I wrote on October 27th last that 13 for Dinner would not last long in the West End. It opened last night at the Duke of York’s — and closed. It survived just one performance.
We had games at Club tonight.
So far there has not been much mail to deal with and I finished by 3.30pm today.
Tonight Helen and I went to the Youth Club’s Monthly Social. [It was in the hall where there is a stage and we did square dances to gramophone records. Mr. & Mrs. Thomas were in charge as usual.]
Very few of the temporaries were working today and unfortunately I wasn’t one of them. It will make about £1 difference in my pay.
[After last night’s exertions] I did not wake up until 12.30 so I was unable to go to Morning Service, and I couldn’t go tonight because Mr. Ballance came to tea. We invited him and Dr. Gough as Mr. Ballance taught him many years ago. I thought it would be a nice reunion for them but unfortunately Dr. Gough couldn’t come.
I don’t know whose was the bright idea to cut down the deliveries yesterday but we certainly paid for it today. It was well past eleven before we could start the morning delivery and my bag was quite crammed even though Charlie was helping me out by delivering the Hyron Hall and Fanshawe Road letters. Things were easier in the afternoon though, and I had finished by 5.0pm.
Don and Ron brought the set back this evening.
Today’s mail was about as heavy as yesterday’s. Having got rid of all the parcels and after a quick breakfast, I went back to do the sorting and placing and did not complete the morning delivery until three, though I had had dinner in the meantime. [I also managed to go to the Bank to withdraw 8/-.]
This evening I took Helen to the Olton and saw Albert R.N. (U) and Love in Pawn (U).
Yesterday we dealt with 2,785,851 letters and cards, slightly less than on Monday but still higher than any previous figures for one day. Today was about the same. So far as I can see, no one ever has posted, or ever will post early for Christmas. It was dark long before I had finished and as my lamp wouldn’t work I had to do Starcross and Hyron Hall Road by the light of the street-lamps. [I managed also to go to the Bank and withdrew £3.
I have had a very interesting letter forwarded from the B.B.C. It is from Marcus Bennett, whom I know slightly from our being in “Midland Magazine” together. He lives at 42 Herrick Road, Clarendon Park, Leicester:—
I knew when I was writing the script that a composer being dead doesn’t make him “classical”, but couldn’t think of any other word to use. To call it “serious” makes it sound boring. On looking them up I have found that Scarlatti lived from 1665 to 1725 and Schubert 1797–1828.]
After a hurried wash and a quick tea I went Carol singing with Phil and Co. who had called for me. We went in the car to Moseley. [Philip has just finished his two years’ National Service. We had a wonderful time, about eight of us, singing on the doorsteps of posh houses and being invited in for mince pies and a glass of port. At some houses we were given a 10/- or £1 note; as usual we are sending the money to the National Children’s Home.]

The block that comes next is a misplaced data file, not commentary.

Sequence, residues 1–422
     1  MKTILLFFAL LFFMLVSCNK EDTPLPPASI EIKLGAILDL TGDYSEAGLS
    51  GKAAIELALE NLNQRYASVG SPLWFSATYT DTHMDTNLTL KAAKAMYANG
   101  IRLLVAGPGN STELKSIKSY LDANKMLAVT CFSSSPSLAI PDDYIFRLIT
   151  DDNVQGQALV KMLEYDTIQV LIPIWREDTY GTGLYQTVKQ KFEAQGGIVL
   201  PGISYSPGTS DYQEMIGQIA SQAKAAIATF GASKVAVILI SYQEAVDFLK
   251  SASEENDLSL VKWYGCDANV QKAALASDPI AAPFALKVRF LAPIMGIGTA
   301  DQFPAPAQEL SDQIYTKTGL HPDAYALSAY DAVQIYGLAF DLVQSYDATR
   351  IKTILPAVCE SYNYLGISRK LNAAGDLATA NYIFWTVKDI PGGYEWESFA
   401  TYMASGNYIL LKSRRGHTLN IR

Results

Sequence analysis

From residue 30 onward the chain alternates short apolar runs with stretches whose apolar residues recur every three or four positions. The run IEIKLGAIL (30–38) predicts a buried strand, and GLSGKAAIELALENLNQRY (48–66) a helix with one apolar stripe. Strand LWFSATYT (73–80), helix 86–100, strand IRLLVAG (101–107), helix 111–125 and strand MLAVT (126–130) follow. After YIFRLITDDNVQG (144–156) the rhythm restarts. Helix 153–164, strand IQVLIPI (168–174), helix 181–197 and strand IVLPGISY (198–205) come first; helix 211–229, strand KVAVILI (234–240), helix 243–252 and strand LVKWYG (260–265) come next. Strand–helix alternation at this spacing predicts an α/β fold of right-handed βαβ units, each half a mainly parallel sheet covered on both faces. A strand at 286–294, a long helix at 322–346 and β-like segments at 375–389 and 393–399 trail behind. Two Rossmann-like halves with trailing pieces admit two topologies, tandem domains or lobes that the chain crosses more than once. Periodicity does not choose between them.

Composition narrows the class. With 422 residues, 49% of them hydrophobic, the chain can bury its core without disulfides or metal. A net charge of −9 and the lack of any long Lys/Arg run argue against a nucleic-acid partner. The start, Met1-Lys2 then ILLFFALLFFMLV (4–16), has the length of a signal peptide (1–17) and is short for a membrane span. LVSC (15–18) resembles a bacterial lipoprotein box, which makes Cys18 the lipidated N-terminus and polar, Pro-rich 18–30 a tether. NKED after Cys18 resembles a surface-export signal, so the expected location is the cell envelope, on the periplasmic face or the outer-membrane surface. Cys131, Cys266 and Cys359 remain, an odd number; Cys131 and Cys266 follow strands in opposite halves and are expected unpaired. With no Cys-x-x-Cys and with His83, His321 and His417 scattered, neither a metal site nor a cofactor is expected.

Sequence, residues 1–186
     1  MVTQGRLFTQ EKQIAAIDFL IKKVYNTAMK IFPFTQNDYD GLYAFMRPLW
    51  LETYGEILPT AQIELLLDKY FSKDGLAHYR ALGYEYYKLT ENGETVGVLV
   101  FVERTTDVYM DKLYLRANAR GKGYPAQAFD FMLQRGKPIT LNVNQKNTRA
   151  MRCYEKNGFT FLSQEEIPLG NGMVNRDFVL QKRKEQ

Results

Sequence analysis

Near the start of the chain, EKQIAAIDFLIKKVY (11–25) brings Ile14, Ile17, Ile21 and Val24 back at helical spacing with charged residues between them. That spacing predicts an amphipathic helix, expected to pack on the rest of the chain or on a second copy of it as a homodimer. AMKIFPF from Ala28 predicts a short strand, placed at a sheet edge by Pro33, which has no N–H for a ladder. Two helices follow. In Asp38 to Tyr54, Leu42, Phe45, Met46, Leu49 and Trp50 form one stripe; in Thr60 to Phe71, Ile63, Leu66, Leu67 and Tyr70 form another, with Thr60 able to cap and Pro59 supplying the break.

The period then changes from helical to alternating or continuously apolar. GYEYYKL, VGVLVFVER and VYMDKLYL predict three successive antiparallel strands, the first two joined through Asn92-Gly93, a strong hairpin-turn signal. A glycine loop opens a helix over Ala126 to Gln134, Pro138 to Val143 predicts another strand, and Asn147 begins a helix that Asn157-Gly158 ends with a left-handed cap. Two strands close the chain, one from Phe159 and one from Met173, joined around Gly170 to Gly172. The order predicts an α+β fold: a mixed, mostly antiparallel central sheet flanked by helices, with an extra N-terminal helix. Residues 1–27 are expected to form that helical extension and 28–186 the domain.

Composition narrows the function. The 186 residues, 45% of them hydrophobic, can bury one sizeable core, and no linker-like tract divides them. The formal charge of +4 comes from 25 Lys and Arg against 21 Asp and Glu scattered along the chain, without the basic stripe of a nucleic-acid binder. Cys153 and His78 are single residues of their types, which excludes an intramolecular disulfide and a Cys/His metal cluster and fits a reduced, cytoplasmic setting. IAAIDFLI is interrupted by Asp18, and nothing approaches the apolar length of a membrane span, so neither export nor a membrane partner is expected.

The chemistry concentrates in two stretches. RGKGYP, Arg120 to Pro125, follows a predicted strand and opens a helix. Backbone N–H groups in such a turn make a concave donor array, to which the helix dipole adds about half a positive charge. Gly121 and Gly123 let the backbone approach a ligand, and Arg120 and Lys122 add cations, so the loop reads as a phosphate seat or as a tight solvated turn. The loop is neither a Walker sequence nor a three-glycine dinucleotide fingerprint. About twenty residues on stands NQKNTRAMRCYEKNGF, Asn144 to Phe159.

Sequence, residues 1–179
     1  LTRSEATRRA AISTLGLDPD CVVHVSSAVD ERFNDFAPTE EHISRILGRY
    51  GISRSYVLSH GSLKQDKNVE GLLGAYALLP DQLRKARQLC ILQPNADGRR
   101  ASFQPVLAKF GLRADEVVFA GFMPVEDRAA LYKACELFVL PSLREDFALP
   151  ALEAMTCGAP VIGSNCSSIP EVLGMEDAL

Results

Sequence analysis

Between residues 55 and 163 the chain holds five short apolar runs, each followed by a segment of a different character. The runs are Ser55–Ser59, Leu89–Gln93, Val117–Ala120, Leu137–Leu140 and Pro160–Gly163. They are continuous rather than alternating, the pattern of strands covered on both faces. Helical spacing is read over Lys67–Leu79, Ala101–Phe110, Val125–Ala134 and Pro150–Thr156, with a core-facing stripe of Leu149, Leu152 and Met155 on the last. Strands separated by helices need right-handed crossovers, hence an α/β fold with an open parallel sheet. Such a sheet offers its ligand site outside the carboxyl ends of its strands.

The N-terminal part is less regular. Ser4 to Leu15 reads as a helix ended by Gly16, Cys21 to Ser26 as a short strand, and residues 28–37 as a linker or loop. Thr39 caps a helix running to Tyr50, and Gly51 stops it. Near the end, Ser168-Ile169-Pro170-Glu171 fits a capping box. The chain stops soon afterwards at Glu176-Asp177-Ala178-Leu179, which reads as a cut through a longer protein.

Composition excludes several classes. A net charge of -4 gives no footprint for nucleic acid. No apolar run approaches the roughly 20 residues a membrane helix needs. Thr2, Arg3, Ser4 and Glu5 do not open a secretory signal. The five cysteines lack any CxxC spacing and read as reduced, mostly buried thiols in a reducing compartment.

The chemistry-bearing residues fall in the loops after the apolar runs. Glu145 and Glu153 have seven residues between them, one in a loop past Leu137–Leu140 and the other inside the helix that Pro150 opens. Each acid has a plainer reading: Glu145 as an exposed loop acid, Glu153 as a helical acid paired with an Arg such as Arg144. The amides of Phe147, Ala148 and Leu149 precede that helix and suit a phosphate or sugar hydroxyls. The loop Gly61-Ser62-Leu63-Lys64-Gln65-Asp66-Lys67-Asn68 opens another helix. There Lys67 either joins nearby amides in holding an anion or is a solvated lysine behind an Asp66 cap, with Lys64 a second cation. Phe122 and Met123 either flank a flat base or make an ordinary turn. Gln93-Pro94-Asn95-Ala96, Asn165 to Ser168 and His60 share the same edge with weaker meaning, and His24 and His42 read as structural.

About 7.30pm I went Carol Singing with a party from Church. When I got to church the party had already gone but I soon heard the singing and joined the party in Victoria Road. Helen was there and we went round together, and I held her hand.
We went down Oxford Road and Sherbourne Road [where the Manse is], and at Broad Road we sang outside the block of flats. When we had finished I took Helen home & wanted to kiss her. [Photo: Helen, 1953]
As I didn’t wake until 7.30am, I had quite a rush to go to Holy Communion at 8.0 with Helen. About seventy were present, and there were nearly two hundred at the 11.0am service.
I had considered going to St. Andrews, where Blues beat Notts County 3–nil, but it was rather cold and we had breakfast too late anyway.
My main present this Christmas is a very fine briefcase in black leather which will prove most useful when I go to Medical School on Monday week. In addition I had my usual Diary, a copy of Preview 1952 which Mam was able to purchase below the original cost, a pair of socks and a box of chocolates. Clarice and Julia gave me my usual Film Diary and chocolates besides, and I had a tie from Freda [Jones at Stoke-on-Trent].
Charlie came in for a cup of coffee at about 9.45. He seemed to have plenty of work and [I] don’t suppose he finished [the Christmas Day delivery] very early.
This afternoon I sat in the lounge and took down some weather readings. Earlier we had all listened to the Queen’s broadcast at 3.0pm. The Queen expressed her sympathy for the relatives of people killed in a terrible rail disaster in New Zealand late last night.
We got up rather latish this morning. Grandad came for dinner around 12.30pm.
We all spent the afternoon sitting in the lounge in front of a blazing fire.
Grandad didn’t stay long after tea and went home before TV started. Following the week’s Newsreels there was “Garrison Theatre” at 8.15 from the R.C.A.F. Station, North Luffenham. Bob Monkhouse did very well as compère.
At 9.30 there was Episode 1 of “The Teckman Biography”, which has Patrick Barr and Pamela Alan in the lead. It promises to be one of the best serials yet. It is written by Francis Durbridge and produced by Alvin Rakoff.
“Café Continentale” took the form of a special party in honour of Maurice Chevalier.